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  • Kris Krotiris

Is Dry Needling Really Effective?

Updated: Oct 27, 2023


Should you be asking your physiotherapist for dry needling to cure all of your stubborn ailments? There is no doubt that the use of dry needling has become an extremely popular treatment method for physiotherapists and other allied health professionals treating musculoskeletal pain conditions. They are thought to help by relaxing or 'releasing' tight spots in the targeted muscles, but is it really effective in improving musculoskeletal pain conditions?



All health professionals should understand and use evidence based assessment and treatment methods


Anyone seeking help for treatment of a musculoskeletal pain condition should have peace of mind that their chosen health professional will be acting in their best interest by delivering best practice treatment methods. When making a decision on whether a treatment method should be used, three things should be considered:

  1. The available evidence for the treatment of choice. What does the evidence tell us? This includes scientific studies and as well as the experience of the clinician. Evidence should be weighted and judged on its methodology (how well designed was the scientific study, was there a high risk of bias?). Considering all the available evidence should allow us to make the best judgement on its effectiveness.

  2. Synthesis of Evidence. This refers to your therapist critically thinking about how the available evidence applies and works in their treatment room.

  3. Your values/circumstances. You, the patient should be the decision maker! After your therapist explains to you the available evidence and how it is likely to apply to you, the ultimate decision should rest in your hands.

These three key steps can be thought of as a sequential process of narrowing down information to make a decision on whether a treatment method is worthwhile using. The picture below depicts this 'funnel' analogy:


So, with this in mind, is dry needling based on sound evidence-based principles?


Let's analyse dry needling using the important principles of evidence-based practice described above:


1. Is there scientific evidence for dry needling?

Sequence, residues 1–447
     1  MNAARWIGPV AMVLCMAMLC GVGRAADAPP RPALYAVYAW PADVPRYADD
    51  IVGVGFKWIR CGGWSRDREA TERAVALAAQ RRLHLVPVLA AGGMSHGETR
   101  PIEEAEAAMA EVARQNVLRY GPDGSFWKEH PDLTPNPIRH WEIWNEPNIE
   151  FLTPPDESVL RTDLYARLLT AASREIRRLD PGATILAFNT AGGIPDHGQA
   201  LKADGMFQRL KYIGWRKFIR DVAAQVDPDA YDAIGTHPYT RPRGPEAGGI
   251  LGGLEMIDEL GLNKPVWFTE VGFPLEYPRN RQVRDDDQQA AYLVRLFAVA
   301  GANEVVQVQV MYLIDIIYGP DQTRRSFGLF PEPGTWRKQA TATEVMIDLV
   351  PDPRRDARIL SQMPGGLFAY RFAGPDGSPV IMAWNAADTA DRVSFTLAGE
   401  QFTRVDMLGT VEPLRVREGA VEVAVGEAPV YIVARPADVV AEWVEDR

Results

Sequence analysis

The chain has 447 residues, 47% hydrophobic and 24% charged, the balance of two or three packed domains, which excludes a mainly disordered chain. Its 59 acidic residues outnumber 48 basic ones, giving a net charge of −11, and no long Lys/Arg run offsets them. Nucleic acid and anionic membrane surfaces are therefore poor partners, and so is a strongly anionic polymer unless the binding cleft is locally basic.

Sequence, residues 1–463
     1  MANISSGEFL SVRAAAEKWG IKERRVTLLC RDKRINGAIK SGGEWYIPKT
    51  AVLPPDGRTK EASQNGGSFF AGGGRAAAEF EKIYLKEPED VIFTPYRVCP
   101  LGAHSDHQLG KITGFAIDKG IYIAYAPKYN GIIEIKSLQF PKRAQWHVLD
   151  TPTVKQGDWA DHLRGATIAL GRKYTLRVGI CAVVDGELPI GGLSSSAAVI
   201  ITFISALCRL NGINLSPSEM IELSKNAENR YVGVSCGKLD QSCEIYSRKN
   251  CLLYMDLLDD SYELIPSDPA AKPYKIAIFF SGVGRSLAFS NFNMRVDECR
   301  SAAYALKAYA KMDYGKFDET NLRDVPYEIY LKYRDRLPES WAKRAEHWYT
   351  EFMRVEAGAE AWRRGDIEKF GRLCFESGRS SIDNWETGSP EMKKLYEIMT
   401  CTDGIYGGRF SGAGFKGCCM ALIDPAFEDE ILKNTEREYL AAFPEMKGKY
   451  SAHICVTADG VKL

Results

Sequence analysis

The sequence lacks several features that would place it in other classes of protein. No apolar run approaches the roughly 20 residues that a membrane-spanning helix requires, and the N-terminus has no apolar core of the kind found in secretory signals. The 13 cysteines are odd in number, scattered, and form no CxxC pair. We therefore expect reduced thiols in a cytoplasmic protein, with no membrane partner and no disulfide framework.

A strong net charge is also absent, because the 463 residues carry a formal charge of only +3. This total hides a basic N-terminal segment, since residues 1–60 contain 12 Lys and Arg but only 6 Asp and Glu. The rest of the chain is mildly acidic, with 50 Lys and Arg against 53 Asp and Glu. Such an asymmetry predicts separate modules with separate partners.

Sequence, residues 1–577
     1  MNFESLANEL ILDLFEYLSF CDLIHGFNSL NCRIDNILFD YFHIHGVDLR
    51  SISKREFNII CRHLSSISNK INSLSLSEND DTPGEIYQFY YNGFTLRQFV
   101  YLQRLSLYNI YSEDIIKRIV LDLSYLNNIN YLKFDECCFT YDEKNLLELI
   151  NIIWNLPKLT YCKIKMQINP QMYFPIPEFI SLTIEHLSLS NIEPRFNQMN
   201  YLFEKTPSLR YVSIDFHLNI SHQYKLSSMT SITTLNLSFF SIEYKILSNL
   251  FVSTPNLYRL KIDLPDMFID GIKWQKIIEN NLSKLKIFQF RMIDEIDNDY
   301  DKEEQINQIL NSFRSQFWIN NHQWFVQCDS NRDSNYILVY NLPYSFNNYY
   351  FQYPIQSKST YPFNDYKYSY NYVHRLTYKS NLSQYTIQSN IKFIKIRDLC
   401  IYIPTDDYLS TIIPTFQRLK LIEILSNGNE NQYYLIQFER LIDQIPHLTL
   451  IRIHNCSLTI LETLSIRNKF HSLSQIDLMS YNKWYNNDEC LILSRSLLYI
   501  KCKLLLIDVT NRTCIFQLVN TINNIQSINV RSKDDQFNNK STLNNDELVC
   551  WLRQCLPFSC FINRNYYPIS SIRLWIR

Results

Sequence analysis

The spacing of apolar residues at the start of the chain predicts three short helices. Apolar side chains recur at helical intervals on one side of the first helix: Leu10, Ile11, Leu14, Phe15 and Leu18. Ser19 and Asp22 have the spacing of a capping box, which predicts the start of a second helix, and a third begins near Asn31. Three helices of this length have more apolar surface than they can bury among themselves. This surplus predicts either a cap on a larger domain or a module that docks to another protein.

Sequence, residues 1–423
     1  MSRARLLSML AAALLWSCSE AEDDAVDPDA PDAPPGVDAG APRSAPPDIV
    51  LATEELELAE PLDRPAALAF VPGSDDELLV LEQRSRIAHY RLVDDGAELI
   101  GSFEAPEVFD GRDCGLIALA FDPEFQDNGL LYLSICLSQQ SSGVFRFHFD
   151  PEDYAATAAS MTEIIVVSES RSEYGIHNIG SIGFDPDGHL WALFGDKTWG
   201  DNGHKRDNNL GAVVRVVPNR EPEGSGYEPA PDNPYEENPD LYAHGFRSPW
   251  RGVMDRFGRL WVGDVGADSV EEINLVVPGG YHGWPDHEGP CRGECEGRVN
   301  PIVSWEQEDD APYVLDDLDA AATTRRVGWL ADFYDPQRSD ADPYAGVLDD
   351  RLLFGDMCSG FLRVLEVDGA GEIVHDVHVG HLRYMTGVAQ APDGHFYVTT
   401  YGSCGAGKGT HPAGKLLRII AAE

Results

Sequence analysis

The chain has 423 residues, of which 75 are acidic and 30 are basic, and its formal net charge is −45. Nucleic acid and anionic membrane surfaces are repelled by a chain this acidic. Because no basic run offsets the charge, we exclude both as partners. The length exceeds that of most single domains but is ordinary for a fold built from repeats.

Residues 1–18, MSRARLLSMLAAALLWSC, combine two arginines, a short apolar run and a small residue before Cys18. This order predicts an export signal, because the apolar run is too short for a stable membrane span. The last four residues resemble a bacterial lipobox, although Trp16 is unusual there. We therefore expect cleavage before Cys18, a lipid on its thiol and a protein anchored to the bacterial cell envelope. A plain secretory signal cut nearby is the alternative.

Numerous studies have investigated the effectiveness of dry needling for a range of different ailments. Unfortunately, most research conducted is of poor methodological quality, therefore it is difficult to draw conclusions. Currently, the general consensus is:

  • Dry needling is effective at reducing pain in many conditions, but whether it's more effective than 'sham' dry needling treatments is still not yet to be proven. Put simply, the jury is still out due to poor quality evidence. It may be no more effective than a placebo in some cases, but at the very least this placebo can offer temporary relief of symptoms

  • Dry needling alone is unlikely to improve functional outcomes when used in isolation, but may improve outcomes when stacked with other physiotherapy treatment methods such as exercise prescription.

2. What does clinical expertise tell us?

Most consensus statements (the opinion of experts in the field based off a summary of all available evidence) fail to include dry needling as first line treatment in any musculoskeletal conditions, and if they do, the backing evidence is of very low quality. Synthesis of the available evidence should guide therapists to using dry needling at least in combination with other treatment methods rather than as a stand-alone treatment.


3. What are your values?

What type of treatment do you feel you need? Do you feel like you need hands-on deep tissue massage, stretches, therapeutic ultrasound, advice about what exercise to do? Do you believe dry needles will work? Your own beliefs will probably be influenced by your personal experience with dry needles, what you've heard from family and friends, and what your physiotherapist has told you about them. And these beliefs will likely influence how you respond to any treatments used, including dry needling.


What is our recommendation?

As mentioned, current evidence is mostly of low quality therefore it is difficult to draw clear conclusions. A critical eye might lead us to the conclusion that dry needles may be no more effective than placebo, however there does seem to be strong anecdotal evidence from therapists and patients that they have a positive effect on pain and function. There is continuously emerging evidence (of varying methodological quality) of its effectiveness in various musculoskeletal conditions, however there is still debate and lack of clarity on the underlying mechanisms of action.


So, do we still recommend and use them? It is our belief that you should be presented with all the available information so that you can make an informed decision. Many people come to us for treatment with a firm belief that dry needles will benefit them due to their previous experiences, while others are unsure and will rely on us for an unbiased view to inform their decision. Provided you are being treated first with methods which have proven efficacy and effectiveness (whenever possible), then the addition of dry needles often provides some additional benefit if applied by an experienced therapist.



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